EAST TOLEDO -- Toledo has already spent a lot of money on the Marina District on the east side. Now our lawmakers are getting the state to chip in $1.5 million more. State Senator Randy Gardner says he's introduced an amendment that would direct the Ohio Department of Development to set aside the money. He expects the governor to sign off on it by the end of the month.
But what does that money mean to the project? Once Toledo reaches its $10 million collection goal, then it's up to developer Larry Dillin to get private businesses into the project to the tune of at least $50 million, and get the project moving forward.
Dillin says he's confident after testing those financial waters. "We feel good about where we're headed," said Dillin.
Mayor Carty Finkbeiner says the city has some options when it comes to making up the extra $2-3 million needed for the project. He says the state and/or the Port Authority could fulfill Toledo's end of the bargain with Dillin. "He doesn't need to have any question or concern," said Mayor Finkbeiner. "We will have the $10 million," he added.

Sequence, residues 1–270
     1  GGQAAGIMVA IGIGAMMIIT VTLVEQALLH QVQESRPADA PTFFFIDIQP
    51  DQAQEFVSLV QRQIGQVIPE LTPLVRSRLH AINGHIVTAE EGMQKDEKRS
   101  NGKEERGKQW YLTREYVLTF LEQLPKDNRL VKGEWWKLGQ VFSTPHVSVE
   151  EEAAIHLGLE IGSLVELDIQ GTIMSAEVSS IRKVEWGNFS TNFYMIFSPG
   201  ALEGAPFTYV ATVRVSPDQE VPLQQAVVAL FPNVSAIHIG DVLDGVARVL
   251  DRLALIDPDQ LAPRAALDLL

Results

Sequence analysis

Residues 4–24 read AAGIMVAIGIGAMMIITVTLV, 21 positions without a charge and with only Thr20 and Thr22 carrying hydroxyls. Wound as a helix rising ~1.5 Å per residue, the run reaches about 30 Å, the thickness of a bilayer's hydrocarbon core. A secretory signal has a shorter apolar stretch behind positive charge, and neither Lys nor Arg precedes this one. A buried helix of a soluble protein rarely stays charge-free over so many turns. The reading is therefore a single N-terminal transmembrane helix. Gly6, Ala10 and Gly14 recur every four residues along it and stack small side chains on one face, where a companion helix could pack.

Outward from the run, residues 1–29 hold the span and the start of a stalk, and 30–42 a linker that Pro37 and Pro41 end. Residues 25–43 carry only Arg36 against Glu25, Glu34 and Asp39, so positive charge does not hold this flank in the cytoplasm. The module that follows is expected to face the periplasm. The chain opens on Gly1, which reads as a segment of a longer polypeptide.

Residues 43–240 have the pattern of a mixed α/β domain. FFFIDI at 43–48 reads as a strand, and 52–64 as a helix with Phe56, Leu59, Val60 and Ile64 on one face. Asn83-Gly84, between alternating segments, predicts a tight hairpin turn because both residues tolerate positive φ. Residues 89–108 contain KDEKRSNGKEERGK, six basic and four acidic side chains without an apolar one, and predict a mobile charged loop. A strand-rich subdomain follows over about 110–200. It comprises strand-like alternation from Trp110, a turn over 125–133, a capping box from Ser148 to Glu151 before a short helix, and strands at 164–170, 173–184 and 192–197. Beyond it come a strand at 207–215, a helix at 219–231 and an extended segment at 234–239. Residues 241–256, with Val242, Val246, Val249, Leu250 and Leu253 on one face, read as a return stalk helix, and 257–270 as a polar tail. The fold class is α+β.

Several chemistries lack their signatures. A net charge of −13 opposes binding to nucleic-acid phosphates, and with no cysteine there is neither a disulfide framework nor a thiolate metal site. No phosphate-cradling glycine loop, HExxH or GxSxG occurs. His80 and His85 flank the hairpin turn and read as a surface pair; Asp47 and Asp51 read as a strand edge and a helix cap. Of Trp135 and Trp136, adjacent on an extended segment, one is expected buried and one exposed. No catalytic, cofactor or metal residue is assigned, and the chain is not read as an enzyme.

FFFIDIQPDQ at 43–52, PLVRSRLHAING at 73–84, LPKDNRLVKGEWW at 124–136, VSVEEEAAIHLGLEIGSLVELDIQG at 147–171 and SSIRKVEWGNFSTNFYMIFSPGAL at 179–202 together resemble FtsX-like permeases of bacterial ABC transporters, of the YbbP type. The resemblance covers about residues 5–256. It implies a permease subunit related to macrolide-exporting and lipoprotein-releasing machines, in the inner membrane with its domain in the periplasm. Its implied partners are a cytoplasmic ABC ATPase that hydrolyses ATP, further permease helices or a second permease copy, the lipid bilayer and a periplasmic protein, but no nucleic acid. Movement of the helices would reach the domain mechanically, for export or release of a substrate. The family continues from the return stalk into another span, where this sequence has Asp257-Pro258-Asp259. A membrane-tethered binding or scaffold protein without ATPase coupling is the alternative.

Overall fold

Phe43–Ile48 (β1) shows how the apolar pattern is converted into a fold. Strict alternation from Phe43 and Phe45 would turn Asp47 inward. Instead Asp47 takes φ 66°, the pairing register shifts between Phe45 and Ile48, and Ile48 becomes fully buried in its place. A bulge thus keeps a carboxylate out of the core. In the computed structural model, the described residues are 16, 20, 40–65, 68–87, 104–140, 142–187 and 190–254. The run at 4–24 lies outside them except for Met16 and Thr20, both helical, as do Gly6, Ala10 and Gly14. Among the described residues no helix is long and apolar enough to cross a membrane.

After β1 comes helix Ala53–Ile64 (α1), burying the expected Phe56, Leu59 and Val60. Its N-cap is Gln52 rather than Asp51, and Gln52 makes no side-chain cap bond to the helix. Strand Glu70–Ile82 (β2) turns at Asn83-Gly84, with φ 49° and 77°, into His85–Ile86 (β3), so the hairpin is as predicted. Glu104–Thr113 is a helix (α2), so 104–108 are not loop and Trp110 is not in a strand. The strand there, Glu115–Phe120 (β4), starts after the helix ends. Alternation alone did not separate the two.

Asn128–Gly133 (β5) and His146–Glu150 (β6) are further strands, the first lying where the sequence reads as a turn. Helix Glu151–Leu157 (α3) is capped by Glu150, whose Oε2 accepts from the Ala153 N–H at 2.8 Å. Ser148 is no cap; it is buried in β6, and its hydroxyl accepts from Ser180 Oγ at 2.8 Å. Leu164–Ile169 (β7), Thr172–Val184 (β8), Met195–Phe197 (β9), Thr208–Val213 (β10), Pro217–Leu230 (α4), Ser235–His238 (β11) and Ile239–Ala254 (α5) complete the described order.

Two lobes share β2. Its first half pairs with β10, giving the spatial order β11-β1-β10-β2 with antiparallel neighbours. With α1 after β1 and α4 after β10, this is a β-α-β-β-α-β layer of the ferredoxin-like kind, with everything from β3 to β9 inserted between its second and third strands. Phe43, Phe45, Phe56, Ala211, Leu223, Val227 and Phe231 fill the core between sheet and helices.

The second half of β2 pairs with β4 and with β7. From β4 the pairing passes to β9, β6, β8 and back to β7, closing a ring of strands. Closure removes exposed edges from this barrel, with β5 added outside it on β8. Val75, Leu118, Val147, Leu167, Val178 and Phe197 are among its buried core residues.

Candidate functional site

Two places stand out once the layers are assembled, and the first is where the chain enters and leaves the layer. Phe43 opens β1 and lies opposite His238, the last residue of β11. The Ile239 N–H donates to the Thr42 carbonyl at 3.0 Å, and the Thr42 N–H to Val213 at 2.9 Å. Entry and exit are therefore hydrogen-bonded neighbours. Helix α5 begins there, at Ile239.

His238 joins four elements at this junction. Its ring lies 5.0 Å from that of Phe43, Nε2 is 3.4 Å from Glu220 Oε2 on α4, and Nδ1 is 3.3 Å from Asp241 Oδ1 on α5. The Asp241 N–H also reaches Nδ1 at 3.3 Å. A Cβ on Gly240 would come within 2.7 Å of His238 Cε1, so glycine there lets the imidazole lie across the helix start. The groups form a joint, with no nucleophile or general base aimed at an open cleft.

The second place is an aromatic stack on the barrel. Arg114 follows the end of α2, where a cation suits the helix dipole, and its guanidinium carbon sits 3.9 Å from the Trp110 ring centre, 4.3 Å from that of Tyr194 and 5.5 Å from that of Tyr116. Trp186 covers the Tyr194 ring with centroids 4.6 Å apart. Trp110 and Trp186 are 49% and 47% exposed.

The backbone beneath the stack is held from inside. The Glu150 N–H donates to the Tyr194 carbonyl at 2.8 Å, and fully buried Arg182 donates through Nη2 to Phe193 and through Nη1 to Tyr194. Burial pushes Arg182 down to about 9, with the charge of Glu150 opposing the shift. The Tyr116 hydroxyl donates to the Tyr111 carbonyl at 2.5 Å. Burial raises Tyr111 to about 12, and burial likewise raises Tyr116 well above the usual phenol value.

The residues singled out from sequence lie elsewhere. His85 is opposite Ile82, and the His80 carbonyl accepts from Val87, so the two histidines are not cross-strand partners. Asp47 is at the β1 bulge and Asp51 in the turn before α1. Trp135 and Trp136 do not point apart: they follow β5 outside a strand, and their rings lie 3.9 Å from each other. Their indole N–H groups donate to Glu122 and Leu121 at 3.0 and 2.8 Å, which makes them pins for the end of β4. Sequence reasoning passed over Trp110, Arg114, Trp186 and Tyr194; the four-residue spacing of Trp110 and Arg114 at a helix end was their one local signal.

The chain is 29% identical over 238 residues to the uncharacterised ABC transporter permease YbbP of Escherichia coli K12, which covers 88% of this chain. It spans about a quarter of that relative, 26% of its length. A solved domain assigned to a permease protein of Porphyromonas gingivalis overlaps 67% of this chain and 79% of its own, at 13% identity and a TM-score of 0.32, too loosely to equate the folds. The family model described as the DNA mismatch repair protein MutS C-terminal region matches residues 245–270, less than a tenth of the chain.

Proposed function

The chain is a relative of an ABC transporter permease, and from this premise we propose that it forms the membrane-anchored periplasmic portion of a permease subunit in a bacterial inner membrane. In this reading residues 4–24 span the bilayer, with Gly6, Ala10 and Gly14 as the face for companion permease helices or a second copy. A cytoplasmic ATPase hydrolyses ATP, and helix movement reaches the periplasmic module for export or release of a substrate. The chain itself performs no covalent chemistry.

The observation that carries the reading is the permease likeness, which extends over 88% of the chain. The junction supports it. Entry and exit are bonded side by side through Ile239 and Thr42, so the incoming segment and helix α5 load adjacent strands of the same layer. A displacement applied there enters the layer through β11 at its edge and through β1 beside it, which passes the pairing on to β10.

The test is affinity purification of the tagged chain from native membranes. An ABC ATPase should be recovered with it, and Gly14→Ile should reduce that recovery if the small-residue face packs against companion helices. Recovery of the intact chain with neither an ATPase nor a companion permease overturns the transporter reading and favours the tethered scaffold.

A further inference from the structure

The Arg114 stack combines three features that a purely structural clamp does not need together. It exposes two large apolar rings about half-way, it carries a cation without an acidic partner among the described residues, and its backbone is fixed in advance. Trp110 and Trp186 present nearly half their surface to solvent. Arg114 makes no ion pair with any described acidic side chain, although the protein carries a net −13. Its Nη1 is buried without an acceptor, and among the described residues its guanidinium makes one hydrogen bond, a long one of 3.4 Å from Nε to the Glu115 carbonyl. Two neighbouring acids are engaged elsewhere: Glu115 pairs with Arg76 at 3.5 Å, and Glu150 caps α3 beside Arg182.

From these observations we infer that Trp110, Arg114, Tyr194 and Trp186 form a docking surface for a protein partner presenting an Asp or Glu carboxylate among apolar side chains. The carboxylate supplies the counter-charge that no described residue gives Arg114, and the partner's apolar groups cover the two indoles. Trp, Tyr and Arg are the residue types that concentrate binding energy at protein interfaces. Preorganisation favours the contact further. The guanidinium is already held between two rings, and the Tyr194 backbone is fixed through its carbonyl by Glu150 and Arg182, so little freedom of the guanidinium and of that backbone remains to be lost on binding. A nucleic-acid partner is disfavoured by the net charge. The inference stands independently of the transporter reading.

Dillin told us even if the city doesn't quite make it by the deadline, both sides should still be ready to go. "If it takes a little longer than [July 1st], that's okay," said Dillin. "If the city was a little short, we'd figure out a way to move the project forward."
Dillin will need about $50 million committed from private businesses after getting the city's share all to help ensure and focus on the infrastructure. Things like roads, lights, greenery and more will be done first. He said he has roughly five different entities interested.
"If you totaled up the potential of all of those," said Dillin, "it's far in excess of $100 million. So, we don't have to land all of it. We have to land enough of it to hit that trigger point."
Senator Gardner told us his amendment will ignite more aggressive development. East Toledo reps said this is a building block for the east side. "There is some sense that the river divides us," said State Representative Peter Ujvagi. "But what's now going to happen is the river is going to unite us," he added.
Dillin said as soon as the initial money difference is met, that will be key. "Once we get over that gap, this $320 million project will truly materialize," Dillin told us confidently.